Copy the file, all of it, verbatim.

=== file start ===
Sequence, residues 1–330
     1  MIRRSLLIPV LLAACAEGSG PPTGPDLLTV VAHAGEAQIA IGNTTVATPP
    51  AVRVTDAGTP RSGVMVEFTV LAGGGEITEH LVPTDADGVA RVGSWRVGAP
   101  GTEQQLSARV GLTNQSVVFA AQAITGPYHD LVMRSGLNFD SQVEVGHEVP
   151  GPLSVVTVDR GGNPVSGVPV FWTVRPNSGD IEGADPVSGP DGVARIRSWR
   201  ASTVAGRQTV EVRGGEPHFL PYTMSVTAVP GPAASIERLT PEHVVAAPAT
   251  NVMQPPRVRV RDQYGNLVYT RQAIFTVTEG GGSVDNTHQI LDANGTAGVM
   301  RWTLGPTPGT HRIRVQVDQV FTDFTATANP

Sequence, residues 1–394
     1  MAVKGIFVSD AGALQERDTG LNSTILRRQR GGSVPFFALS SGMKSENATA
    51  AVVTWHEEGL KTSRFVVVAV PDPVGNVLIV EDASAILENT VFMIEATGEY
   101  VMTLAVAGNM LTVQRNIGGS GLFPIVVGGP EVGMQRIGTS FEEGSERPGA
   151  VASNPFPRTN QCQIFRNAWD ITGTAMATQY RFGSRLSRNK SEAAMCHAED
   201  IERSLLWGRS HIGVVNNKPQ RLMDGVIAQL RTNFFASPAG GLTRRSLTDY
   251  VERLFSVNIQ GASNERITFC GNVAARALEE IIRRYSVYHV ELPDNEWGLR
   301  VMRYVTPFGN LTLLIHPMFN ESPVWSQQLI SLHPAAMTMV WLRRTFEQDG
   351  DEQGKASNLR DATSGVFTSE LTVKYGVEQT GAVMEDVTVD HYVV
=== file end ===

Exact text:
Sequence, residues 1–330
     1  MIRRSLLIPV LLAACAEGSG PPTGPDLLTV VAHAGEAQIA IGNTTVATPP
    51  AVRVTDAGTP RSGVMVEFTV LAGGGEITEH LVPTDADGVA RVGSWRVGAP
   101  GTEQQLSARV GLTNQSVVFA AQAITGPYHD LVMRSGLNFD SQVEVGHEVP
   151  GPLSVVTVDR GGNPVSGVPV FWTVRPNSGD IEGADPVSGP DGVARIRSWR
   201  ASTVAGRQTV EVRGGEPHFL PYTMSVTAVP GPAASIERLT PEHVVAAPAT
   251  NVMQPPRVRV RDQYGNLVYT RQAIFTVTEG GGSVDNTHQI LDANGTAGVM
   301  RWTLGPTPGT HRIRVQVDQV FTDFTATANP

Sequence, residues 1–394
     1  MAVKGIFVSD AGALQERDTG LNSTILRRQR GGSVPFFALS SGMKSENATA
    51  AVVTWHEEGL KTSRFVVVAV PDPVGNVLIV EDASAILENT VFMIEATGEY
   101  VMTLAVAGNM LTVQRNIGGS GLFPIVVGGP EVGMQRIGTS FEEGSERPGA
   151  VASNPFPRTN QCQIFRNAWD ITGTAMATQY RFGSRLSRNK SEAAMCHAED
   201  IERSLLWGRS HIGVVNNKPQ RLMDGVIAQL RTNFFASPAG GLTRRSLTDY
   251  VERLFSVNIQ GASNERITFC GNVAARALEE IIRRYSVYHV ELPDNEWGLR
   301  VMRYVTPFGN LTLLIHPMFN ESPVWSQQLI SLHPAAMTMV WLRRTFEQDG
   351  DEQGKASNLR DATSGVFTSE LTVKYGVEQT GAVMEDVTVD HYVV